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Chemistry @ College comes alive: The Secrets of Natural Fragrances

When you crush the fresh leaves of peppermint, you can smell a refreshing minty fragrance. This is the signature smell of the plant. Or when you peel the skin of an orange or a grapefruit, you can smell a strong citrus fragrance that quickly overpowers other smells in the surrounding. Ever wonder what are the secrets behind the unique yet pleasant natural fragrances of these herbs or fruits?

The fragrances or natural scents actually arise from a group of natural chemical compounds known as volatile aromatic compounds, or more commonly referred to as essential oils. An essential oil is a highly concentrated liquid containing volatile aromatic compounds from plants. The volatile aromatic compounds are indeed the “essence” of the plant’s fragrance, which also plays an important role in protecting the plant. Different types of essential oils could be found in the seeds, bark, stems, roots, flowers and other parts of the plant. The relatively small and simple molecules in the volatile oils have extremely low melting points and therefore, are easily converted into vapour at room temperature. The physical and chemical properties of the compounds allow them to quickly move through the air and interact directly with the olfactory sensors in the nose.

The vapour contains a wide array of aromatic compounds with distinctive smells, which react synergistically to produce the characteristic scent of the herb. The volatile compounds that are present in higher abundance will dominate the final smell of the vapour. For example, the minty fragrance of peppermint is mainly due to volatile compounds such as 1-menthol, menthofuran, menthone and carvone (Figure 1). Meanwhile, the citrus fragrance of oranges is due to phytochemicals such as α-pinene, limonene, sabinene and linalool (Figure 1).

Other than the distinctive fragrances, the aromatic compounds in the volatile oils also possess therapeutic properties, especially in promoting relaxation. Linalool, sabinene and α-pinene (Figure 1), which are also found in lavender oil, jasmine oil and chamomile oil, are well known for their calming effects in promoting good sleep.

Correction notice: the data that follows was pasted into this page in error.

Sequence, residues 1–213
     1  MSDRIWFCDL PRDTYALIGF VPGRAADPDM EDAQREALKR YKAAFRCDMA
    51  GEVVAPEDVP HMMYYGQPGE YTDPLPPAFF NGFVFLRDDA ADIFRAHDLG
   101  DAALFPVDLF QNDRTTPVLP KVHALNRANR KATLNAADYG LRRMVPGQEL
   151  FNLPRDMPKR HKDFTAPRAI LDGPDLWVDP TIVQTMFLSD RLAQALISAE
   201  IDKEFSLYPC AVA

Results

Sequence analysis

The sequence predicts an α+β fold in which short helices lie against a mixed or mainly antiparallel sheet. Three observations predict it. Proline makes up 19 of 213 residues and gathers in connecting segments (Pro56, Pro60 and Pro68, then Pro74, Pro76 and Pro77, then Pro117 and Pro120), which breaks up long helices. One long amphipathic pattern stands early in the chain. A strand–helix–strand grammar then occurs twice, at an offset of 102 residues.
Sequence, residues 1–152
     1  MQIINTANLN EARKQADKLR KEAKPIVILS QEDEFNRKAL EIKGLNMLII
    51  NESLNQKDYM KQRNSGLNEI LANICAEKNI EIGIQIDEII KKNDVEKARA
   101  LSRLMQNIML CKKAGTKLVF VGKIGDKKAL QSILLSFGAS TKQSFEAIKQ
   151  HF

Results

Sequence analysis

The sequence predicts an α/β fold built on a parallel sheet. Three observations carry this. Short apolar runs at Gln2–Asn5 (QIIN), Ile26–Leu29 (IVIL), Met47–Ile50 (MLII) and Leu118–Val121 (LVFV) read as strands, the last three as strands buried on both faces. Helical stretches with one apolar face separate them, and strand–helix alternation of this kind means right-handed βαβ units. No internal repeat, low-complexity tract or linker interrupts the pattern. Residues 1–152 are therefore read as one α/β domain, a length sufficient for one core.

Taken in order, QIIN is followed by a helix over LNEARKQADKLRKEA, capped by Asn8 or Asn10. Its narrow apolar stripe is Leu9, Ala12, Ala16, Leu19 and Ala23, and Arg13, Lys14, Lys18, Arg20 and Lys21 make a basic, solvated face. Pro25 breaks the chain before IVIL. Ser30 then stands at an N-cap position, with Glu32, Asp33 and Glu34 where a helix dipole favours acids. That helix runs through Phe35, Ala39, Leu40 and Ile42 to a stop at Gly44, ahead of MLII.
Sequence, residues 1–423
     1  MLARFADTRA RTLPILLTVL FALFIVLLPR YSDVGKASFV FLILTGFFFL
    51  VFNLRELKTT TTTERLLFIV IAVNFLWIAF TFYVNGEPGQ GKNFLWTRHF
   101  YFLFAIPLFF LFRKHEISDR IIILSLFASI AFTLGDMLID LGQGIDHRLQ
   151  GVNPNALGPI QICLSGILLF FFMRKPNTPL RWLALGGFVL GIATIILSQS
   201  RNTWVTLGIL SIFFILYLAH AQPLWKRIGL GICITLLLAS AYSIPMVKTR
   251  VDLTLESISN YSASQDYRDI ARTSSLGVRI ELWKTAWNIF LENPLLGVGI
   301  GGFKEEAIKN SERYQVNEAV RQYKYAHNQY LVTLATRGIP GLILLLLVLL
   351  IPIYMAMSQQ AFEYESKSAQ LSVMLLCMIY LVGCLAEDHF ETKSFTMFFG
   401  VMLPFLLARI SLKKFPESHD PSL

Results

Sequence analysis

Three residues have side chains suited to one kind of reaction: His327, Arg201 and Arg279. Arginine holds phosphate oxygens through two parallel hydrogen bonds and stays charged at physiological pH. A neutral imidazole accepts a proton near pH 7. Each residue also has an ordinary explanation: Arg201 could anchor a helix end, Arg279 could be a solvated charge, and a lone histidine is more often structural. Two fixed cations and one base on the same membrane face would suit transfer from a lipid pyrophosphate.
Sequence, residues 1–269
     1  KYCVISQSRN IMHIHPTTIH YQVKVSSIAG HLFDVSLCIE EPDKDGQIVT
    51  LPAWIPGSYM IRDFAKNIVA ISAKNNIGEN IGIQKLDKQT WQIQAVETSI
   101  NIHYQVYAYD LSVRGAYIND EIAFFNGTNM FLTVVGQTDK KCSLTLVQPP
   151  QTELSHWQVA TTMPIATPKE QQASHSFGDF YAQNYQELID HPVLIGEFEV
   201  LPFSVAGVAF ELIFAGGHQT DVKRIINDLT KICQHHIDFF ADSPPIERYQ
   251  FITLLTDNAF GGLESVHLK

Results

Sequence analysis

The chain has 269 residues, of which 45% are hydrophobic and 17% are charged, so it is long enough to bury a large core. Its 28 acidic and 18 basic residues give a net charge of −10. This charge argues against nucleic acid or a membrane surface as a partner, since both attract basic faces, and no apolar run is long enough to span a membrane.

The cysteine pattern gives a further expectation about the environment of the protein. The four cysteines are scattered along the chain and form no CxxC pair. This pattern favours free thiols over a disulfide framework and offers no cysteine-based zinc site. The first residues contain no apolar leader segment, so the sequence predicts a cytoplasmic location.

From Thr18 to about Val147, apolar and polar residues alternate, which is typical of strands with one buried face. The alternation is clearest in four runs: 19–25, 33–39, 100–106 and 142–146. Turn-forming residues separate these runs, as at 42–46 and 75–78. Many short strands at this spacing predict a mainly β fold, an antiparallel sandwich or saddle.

When a few drops of the essential oils are placed in a diffuser or air freshener, the volatile compounds will evaporate quickly and escape into the air. These tiny molecules will enter the olfactory system through the nasal cavity to interact with brain cells.

The transmission of the aroma acts directly on the limbic system, which is the part of the brain that stores responses to memory, pleasure and emotions. The interaction will trigger the limbic system to release a chemical called serotonin, which will calm the nerves and reduce anxiety level, and thus promote relaxation and sleeping.

Very often, we use stimulants to boost and uplift our energy to get our tasks done. A cup of caffeinated drink is the simplest solution to stay awake and be energetic. Similar to the stimulative effect of caffeine, some aromatic compounds in the volatile oils could also enhance alertness. For example, the volatile oils of peppermint, citrus, eucalyptus and ginger are highly valued for their refreshing effect. Simply by inhalation, the essential oils illicit an immediate response and are readily absorbed into the bloodstream to stimulate the brain and thus improve energy level.

So if you want to ensure a good night’s sleep, consider sleeping with a lavender-filled pillow.
Conversely, if you need to improve your mental focus, you might consider eating an orange or drinking a cup of peppermint tea. The natural chemicals will work wonders for you. Try it!

Alivia Tan

Dr. Alivia has more than 8 years’ experience teaching chemistry and pharmaceutical chemistry subjects at pre-tertiary and tertiary levels. Her research interests are in natural products chemistry, focusing on the isolation and characterization of biologically active compounds from medicinal plants. She also has expertise and experience in the isolation and characterization of essential oils from aromatic plants.

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Alivia Tan

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